Average

O ccupation and industry division

Number
of
workers

Weekly
Weekly
hours 1 ! earnings 1
(standard) (standard)

OFFICE OCCUPATIONS - CONTINUED

OFFICE OCCUPATIONS
BILLERS* MACHINE (BILLING
M A C H I N E ) ---------------------------MANUFACTURING -------------------NONMANUFACTURING ----------------

83
34
49

3 9 .5
3 9 .0
4 0 .0

$
9 1 .5 0
8 2 .5 0
9 8 .0 0

BILLERS* MACHINE (BOOKKEEPING
MACHINE) ---------------------------NONMANUFACTURING ----------------

31
28

3 8 .5
3 8 .0

BOOKKEEPING-MACHINE OPERATORS*
CLASS A ----------------------------MANUFACTURING -------------------NONMANUFACTURING --- -------------

74
39
35

BOOKKEEPING-MACHINE OPERATORS*
CLASS B ----------------------------MANUFACTURING -------------------NONMANUFACTURING ----------------

KEYPUNCH OPERATORS, CLASS A
MANUFACTURING ----------NONMANUFACTURING --------

225
81
144

4 0 .0
3 9 .5
4 0 .0

$
9 9 .0 0
9 3 .0 0
1 0 2 .5 0

7 0 .0 0
6 5 .0 0

KEYPUNCH OPERATORS, CLASS B -----MANUFACTURING ------------------NONMANUFACTURING --------------PUBLIC UTILITIES 2-------------

429
1 67
262
51

3 9 .5
3 9 .5
3 9 .5
3 8 .5

8 1 .0 0
8 4 .5 0
7 8 .5 0
8 9 .5 0

4 0 .0
4 0 .0
3 9 .5

9 6 .0 0
1 0 2 .0 0
8 9 .5 0

OFFICE BOYS AND GIRLS--------------MANUFACTURING ------------------NONMANUFACTURING ---------------PUBLIC UTILITIES 2--------------

227
87
1 40
35

3 9 .5
3 9 .0
3 9 .5
3 9 .5

7 5 .0 0
7 7 .5 0
7 3 .5 0
8 8 .5 0

262
54
208

3 9 .5
3 9 .5
4 0 .0

7 3 .5 0
8 3 .0 0
7 1 .5 0

SECRETARIES 3------------------------MANUFACTURING----------- -------NONMANUFACTURING ---------------PUBLIC UTILITIES 2--------------

1 ,4 1 9
757
662
1 50

3 9 .5
3 9 .5
3 9 .5
3 9 .5

1 0 5 .5 0
1 1 3 .5 0
9 6 .5 0
1 1 8 .5 0

CLERKS* ACCOUNTING, CLASS A ------MANUFACTURING -------------------NONMANUFACTURING ---------------PUBLIC UTILITIES 2--------------

547
281
266
105

3 9 .5
3 9 .5
3 9 .5
4 0 .0

1 1 9 .5 0
1 2 1 .5 0
1 1 7 .5 0
1 2 5 .5 0

SECRETARIES, CLASS A ------------MANUFACTURING ------------------NONMANUFACTURING ----------------

83
46
35

4 0 .0
3 9 .5
4 0 .0

1 2 5 .0 0
1 3 1 .0 0
1 1 6 .5 0

CLERKS, ACCOUNTING, CLASS B ------MANUFACTURING -------------------NONMANUFACTURING ---------------PUBLIC UTILITIES 2--------------

792
230
562
211

3 9 .5
3 9 .5
3 9 .5
3 9 .0

8 6 .5 0
9 3 .5 0
8 4 .0 0
9 7 .0 0

SECRETARIES, CLASS B --MANUFACTURING ---------NONMANUFACTURING -----PUBLIC UTILITIES 2----

244
108
136
34

3 9 .5
3 9 .5
3 9 .5
4 0 .0

1 1 2 .5 0
1 2 4 .5 0
1 0 3 .5 0
1 1 4 .5 0

CLERKS* FILE, CLASS A -------------NONMANUFACTURING ----------------

28
26

4 0 .0
4 0 .0

1 1 1 .5 0
1 1 2 .0 0

SECRETARIES, CLASS C -----------MANUFACTURING ------------------NONMANUFACTURING --------------PUBLIC UTILITIES 2-------------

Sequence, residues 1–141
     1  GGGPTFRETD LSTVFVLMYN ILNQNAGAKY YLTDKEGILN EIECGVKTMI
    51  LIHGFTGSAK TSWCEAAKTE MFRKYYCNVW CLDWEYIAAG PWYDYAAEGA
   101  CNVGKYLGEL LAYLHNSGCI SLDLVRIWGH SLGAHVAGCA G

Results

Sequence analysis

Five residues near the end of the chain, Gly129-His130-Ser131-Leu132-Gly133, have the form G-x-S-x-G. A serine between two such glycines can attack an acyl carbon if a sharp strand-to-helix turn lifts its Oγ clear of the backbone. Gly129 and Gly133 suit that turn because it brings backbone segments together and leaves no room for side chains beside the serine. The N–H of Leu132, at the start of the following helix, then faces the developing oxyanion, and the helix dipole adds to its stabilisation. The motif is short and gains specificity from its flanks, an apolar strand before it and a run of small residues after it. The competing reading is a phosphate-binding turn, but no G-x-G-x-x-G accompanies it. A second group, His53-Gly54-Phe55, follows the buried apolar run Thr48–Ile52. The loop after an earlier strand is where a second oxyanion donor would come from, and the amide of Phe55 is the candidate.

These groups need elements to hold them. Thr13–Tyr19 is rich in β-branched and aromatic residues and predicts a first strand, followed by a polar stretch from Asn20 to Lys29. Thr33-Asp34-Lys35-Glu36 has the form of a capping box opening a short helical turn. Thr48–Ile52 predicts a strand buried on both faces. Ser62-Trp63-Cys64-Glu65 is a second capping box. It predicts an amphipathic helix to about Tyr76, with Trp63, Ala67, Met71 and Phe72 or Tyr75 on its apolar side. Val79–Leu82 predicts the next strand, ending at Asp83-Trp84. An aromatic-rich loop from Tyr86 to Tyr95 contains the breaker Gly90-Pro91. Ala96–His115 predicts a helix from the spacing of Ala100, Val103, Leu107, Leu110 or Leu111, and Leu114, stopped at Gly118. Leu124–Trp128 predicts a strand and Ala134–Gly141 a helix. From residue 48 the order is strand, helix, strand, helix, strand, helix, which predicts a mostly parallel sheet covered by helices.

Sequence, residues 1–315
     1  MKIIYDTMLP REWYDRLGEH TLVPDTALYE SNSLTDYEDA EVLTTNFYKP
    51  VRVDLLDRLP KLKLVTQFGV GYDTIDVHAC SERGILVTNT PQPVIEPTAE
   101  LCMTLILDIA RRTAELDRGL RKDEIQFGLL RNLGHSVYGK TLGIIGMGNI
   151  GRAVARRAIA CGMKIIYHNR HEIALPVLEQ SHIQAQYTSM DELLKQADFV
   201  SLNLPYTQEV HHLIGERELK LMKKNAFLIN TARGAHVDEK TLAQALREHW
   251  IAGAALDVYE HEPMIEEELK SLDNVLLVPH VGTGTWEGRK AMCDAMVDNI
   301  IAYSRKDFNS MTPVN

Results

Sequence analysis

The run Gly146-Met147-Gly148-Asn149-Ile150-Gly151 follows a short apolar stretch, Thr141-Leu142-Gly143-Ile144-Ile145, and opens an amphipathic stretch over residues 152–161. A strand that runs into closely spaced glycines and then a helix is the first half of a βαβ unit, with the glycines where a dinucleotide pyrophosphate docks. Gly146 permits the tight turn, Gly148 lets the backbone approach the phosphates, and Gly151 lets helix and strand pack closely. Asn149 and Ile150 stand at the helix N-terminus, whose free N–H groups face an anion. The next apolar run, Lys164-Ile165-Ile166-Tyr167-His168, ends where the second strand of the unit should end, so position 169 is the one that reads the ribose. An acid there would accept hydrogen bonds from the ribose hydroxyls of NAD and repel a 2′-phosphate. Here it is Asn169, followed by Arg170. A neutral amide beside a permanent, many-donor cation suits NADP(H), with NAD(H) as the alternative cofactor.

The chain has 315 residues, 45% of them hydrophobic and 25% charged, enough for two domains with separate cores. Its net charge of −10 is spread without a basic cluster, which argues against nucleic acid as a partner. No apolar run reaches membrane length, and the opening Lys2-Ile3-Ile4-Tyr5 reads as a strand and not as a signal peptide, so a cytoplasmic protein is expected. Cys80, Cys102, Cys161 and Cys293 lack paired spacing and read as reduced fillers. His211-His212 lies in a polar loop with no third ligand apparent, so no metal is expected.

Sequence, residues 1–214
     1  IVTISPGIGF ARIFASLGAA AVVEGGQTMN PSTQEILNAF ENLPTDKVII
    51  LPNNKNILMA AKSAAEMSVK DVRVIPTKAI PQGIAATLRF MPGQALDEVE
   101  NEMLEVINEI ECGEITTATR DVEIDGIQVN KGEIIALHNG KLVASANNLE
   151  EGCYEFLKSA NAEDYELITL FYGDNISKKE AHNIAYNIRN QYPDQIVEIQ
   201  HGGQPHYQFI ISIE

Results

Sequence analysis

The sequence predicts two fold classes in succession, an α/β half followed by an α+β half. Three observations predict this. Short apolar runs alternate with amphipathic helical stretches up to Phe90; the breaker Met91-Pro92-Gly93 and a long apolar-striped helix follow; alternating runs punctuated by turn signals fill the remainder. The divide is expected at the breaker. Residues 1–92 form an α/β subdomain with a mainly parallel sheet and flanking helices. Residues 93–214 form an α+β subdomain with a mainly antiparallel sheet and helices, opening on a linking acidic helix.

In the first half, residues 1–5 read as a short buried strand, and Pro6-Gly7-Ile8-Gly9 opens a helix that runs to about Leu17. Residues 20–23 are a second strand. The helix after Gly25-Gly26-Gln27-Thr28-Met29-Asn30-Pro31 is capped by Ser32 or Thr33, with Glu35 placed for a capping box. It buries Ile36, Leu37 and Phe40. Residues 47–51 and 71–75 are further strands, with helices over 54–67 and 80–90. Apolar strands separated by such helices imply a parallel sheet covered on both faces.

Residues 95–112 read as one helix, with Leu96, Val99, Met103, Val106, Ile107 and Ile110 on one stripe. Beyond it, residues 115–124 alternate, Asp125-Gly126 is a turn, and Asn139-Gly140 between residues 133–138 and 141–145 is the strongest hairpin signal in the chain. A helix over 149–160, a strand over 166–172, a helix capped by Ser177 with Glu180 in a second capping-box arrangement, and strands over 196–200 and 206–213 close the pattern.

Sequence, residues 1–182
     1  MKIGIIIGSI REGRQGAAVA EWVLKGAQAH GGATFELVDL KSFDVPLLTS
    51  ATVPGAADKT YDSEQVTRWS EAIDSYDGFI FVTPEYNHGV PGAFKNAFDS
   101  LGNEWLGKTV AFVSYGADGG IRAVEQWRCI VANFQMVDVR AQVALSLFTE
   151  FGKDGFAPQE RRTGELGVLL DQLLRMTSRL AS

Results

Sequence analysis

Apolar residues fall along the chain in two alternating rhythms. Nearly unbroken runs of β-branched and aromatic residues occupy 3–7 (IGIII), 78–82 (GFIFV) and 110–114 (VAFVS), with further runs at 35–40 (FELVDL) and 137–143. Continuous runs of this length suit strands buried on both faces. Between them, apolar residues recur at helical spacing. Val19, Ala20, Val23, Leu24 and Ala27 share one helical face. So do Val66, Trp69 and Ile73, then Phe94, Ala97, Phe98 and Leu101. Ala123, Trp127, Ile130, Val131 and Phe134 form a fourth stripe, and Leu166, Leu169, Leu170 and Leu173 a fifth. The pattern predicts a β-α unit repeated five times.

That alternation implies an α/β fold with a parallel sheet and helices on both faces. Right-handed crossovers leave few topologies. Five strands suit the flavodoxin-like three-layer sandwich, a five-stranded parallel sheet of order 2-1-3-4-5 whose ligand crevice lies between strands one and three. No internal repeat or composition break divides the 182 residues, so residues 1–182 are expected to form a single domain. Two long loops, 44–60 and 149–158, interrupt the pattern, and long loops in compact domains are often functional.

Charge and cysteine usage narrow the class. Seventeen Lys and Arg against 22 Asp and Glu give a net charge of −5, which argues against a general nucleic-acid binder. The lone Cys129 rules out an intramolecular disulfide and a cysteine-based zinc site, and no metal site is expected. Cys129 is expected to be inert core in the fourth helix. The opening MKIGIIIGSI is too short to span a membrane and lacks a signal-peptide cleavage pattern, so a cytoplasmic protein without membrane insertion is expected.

426
219
207
37

3 9 .5
3 9 .5
3 9 .5
3 9 .5

1 0 8 .5 0
1 2 0 .5 0
9 5 .5 0
1 2 0 .0 0

CLERKS, FILE, CLASS B -------------MANUFACTURING -------------------NONMANUFACTURING ----------------

161
43
118

3 9 .5
4 0 .0
3 9 .0

7 4 .0 0
7 6 .0 0
7 3 .0 0

CLERKS, FILE, CLASS C -------------NONMANUFACTURING ----------------

121
118

3 8 .5
3 8 .5

6 4 .0 0
6 4 .0 0

SECRETARIES, CLASS D -------MANUFACTURING -------------NONMANUFACTURING ----------PUBLIC UTILITIES 2---------

631
349
282
73

3 9 .5
4 0 .0
3 9 .5
3 9 .5

9 8 .0 0
1 0 3 .0 0
9 1 .5 0
1 1 8 .0 0

CLERKS, ORDER ----------------------MANUFACTURING -------------------NONMANUFACTURING ----------------

297
114
183

4 0 .0
4 0 .0
4 0 .0

8 8 .0 0
9 6 .0 0
8 2 .5 0

STENOGRAPHERS, GENERAL ------------MANUFACTURING ------------------NCNMANUFACTURING ---------------PUBLIC UTILITIES 2--------------

596
273
323
1 25

3 9 .0
3 9 .5
3 8 .5
3 9 .0

8 7 .0 0
8 6 .0 0
8 8 .0 0
1 0 3 .0 0

CLERKS, PAYROLL --------------------MANUFACTURING -------------------NONMANUFACTURING ----------------

256
158
98

3 9 .5
3 9 .5
3 9 .5

9 6 .0 0
9 8 .0 0
9 2 .0 0

STENOGRAPHERS, SENIOR -------------MANUFACTURING------------------ NONMANUFACTURING ----------------

470
293
177

3 9 .5
3 9 .5
3 9 .5

1 0 5 .5 0
1 0 3 .5 0
1 0 9 .0 0

COMPTOMETER OPERATORS -------------MANUFACTURING -------------------NCNMANUFACTURING ----------------

113
25
88

3 9 .5
3 9 .0
3 9 .5

9 2 .5 0
1 0 6 .5 0
8 8 .5 0

SWITCHBOARD OPERATORS, CLASS B
MANUFACTURING ----NONMANUFACTURING --

180
41
139

4 0 .0
3 9 .0
4 0 .0

7 5 .5 0
8 9 .5 0
7 1 .5 0

Average

O ccupation and industry d ivision

Number

Weekly
Weekly
of
workers hours 1 earnings 1
(standard) (standard)

OFFICE OCCUPATIONS - CONTINUED
269
153
1 16

3 9 .5
3 9 .5
3 9 .5

$
8 1 .5 0
8 3 .0 0
7 9 .5 0

TABULATING-MACHINE OPERATORS,
CLASS A ---------------------------MANUFACTURING -------------------

38
27

3 9 .5
3 9 .5

1 3 3 .0 0
1 3 8 .5 0

TABULATING-MACHINE OPERATORS,
CLASS B ---------------------------MANUFACTURING ------------------NONMANUFACTURING ----------------

89
48
41

3 9 .5
3 9 .5
3 9 .5

1 0 3 .0 0
1 0 8 .5 0
9 6 .5 0

TABULATING-MACHINE OPERATORS,
CLASS C ---------------------------NONMANUFACTURING --------------- -

45
40

3 9 .0
3 9 .5

8 1 .5 0
8 0 .5 0

TRANSCRIBING-MACHINE OPERATORS,
GENERAL ---------------------------MANUFACTURING -------------------

259
58

3 9 .5
3 9 .0

7 9 .0 0
7 6 .5 0

TYPISTS, CLASS A -------------------MANUFACTURING ------------------NONMANUFACTURING ---------------PUBLIC UTILITIES 2--------------

231
139
92
40

3 9 .5
3 9 .5
4 0 .0
4 0 .0

8 9 .5 0
8 7 .5 0
9 2 .5 0
1 0 1 .5 0

TYPISTS, CLASS B ------------------MANUFACTURING ------------------NONMANUFACTURING ---------------PUBLIC UTILITIES 2--------------

788
1 58
630
55

3 9 .5
3 9 .5
3 9 .5
4 0 .0

7 2 .5 0
7 6 .5 0
7 1 .5 0
8 2 .0 0 .

DRAFTSMEN, CLASS A -------- ---MANUFACTURING ---------------

56
56

3 9 .5
3 9 .5

1 6 5 .5 0
1 6 5 .5 0

DRAFTSMEN, CLASS B ------------MANUFACTURING ---------------